Glendon Mellow

Toronto, Canada

Glendon Mellow – Testing the hypothesis people crave surreal scientific illustrations. / Portfolio: Art in Awe of Science / Blog:...

Journal

Scientific American Blog Network: I'm on it!

The new Scientific American blog network has launched this week! And I’m on it!…

Head over and say welcome to Symbiartic !
I’ll be co-blogging with scientific illustrator Kalliopi Monoyios about art + science, scientific illustration, copyright issues, how new media change art, data visualization, science cartoons, comics, architecture, photography, fine art and much more. You may remember Kalliopi Monoyios from the blog An Eye for Science , sometimes featured on my Scumble posts. She was also the illustrator for the books Your Inner Fish by Neil Shubin and Why Evolution is True by Jerry Coyne.

I’m completely thrilled Kalliopi is joining me on this blog, she’s tremendous fun and it’s been a real collaboration while we worked on getting this ready behind the scenes. Read her introduction p

Scientific accuracy and art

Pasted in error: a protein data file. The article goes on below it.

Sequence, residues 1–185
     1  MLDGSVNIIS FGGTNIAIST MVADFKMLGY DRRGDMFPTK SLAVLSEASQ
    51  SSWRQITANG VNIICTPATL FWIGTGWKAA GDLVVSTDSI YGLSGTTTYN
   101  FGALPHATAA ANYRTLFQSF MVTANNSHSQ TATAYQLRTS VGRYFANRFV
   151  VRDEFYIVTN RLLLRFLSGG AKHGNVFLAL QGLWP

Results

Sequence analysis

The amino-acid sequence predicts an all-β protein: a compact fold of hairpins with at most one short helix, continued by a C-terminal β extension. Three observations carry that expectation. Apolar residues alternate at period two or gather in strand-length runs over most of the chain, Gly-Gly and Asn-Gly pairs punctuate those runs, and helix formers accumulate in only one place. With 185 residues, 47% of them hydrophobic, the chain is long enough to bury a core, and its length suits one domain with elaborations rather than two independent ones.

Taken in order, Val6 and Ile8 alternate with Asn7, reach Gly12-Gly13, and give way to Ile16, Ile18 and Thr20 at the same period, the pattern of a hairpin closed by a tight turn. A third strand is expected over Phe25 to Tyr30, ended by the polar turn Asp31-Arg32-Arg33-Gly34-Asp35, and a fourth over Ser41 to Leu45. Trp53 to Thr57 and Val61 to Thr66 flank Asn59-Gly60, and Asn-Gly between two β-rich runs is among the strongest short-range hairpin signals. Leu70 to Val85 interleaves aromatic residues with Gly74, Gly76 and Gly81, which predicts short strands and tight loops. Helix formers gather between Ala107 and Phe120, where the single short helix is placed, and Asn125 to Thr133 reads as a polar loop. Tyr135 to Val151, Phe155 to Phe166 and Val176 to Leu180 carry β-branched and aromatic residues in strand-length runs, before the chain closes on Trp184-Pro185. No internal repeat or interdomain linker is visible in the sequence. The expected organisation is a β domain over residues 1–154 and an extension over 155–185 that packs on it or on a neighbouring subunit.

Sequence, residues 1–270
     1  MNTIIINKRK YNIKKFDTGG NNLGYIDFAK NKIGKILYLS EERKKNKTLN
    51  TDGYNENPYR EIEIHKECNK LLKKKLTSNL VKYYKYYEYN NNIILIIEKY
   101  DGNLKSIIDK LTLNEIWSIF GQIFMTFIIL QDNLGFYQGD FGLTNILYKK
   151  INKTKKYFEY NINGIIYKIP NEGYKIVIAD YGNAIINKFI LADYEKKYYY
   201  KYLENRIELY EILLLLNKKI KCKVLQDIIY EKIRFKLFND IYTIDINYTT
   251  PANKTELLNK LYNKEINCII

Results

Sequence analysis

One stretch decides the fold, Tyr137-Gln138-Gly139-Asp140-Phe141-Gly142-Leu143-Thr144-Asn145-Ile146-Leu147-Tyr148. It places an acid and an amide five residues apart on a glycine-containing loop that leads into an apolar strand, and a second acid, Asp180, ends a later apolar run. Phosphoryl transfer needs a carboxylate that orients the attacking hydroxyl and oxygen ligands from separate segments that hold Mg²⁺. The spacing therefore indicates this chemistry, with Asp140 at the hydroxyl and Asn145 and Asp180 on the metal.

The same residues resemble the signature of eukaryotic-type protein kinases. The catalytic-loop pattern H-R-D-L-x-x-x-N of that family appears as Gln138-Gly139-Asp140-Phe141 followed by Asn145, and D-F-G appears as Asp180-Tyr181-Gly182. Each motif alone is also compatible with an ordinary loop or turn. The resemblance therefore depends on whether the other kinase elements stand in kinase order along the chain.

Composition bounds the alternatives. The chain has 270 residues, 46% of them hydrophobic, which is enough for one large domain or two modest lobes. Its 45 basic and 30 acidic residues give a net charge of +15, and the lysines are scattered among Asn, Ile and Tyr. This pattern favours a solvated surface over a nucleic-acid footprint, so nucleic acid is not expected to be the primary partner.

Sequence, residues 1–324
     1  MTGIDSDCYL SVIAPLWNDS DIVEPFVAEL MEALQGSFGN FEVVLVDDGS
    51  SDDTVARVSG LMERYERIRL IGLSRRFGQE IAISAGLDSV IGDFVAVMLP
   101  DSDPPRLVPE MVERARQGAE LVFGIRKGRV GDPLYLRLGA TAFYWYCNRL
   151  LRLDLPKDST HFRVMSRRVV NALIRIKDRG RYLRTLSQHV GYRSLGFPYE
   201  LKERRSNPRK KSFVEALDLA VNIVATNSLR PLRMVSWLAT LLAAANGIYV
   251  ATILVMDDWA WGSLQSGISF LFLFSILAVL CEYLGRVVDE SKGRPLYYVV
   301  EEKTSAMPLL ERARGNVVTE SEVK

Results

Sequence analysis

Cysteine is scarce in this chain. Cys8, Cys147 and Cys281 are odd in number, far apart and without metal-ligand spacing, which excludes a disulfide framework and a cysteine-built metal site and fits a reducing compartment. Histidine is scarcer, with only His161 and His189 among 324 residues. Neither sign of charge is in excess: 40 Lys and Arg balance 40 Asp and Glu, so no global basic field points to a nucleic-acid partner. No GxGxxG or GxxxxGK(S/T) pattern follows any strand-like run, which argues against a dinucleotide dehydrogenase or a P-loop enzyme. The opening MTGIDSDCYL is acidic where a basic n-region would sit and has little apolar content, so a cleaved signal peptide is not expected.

This post originally appeared on my blog, The Flying Trilobite on 27 Sept, 2010 , complete with images.…

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When you type the word “trilobite” into Google’s Blog Search, The Flying Trilobite is currently the first to come up.

But I stick wings on them.

Don’t I have any sense of responsibility? At this moment, I have the first blog to come up about trilobites, and what am I doing? Cackling away while putting wings on aquatic arthropods in my oil paintings. Irresponsible. Think about the children!

So what’s it for?

What does my tagline, Art in Awe of Science even mean if I am going to subvert the science? The science of paleontology reveals through careful examination what life was like long ago, and how its remains have been preserved. Then I hop in, and start painting wings that didn’

Gift from god? I don't think so.

(This originally appeared at my blog, The Flying Trilobite on Sat. 23 May 2009. You may comment there as well.)

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It happens to artists. Surgeons. When someone marvels at the eye, or bacterial flagellum.

“Your art ability is amazing. A gift from God, no doubt.”

sigh

Just because something is hard to understand, just because complicated processes occurred that you did not witness, does not mean it was caused by a benevolent mythical being who hands out aptitudes like Santa with presents.

It has been a source of fascination to me, and not a little frustration that the ability to create art and the complexity of biological features each sit in the blind spots of members of the devout populace.

Like a gift from god. It’s throwing your hands up in the air and casually (lazily) admitti

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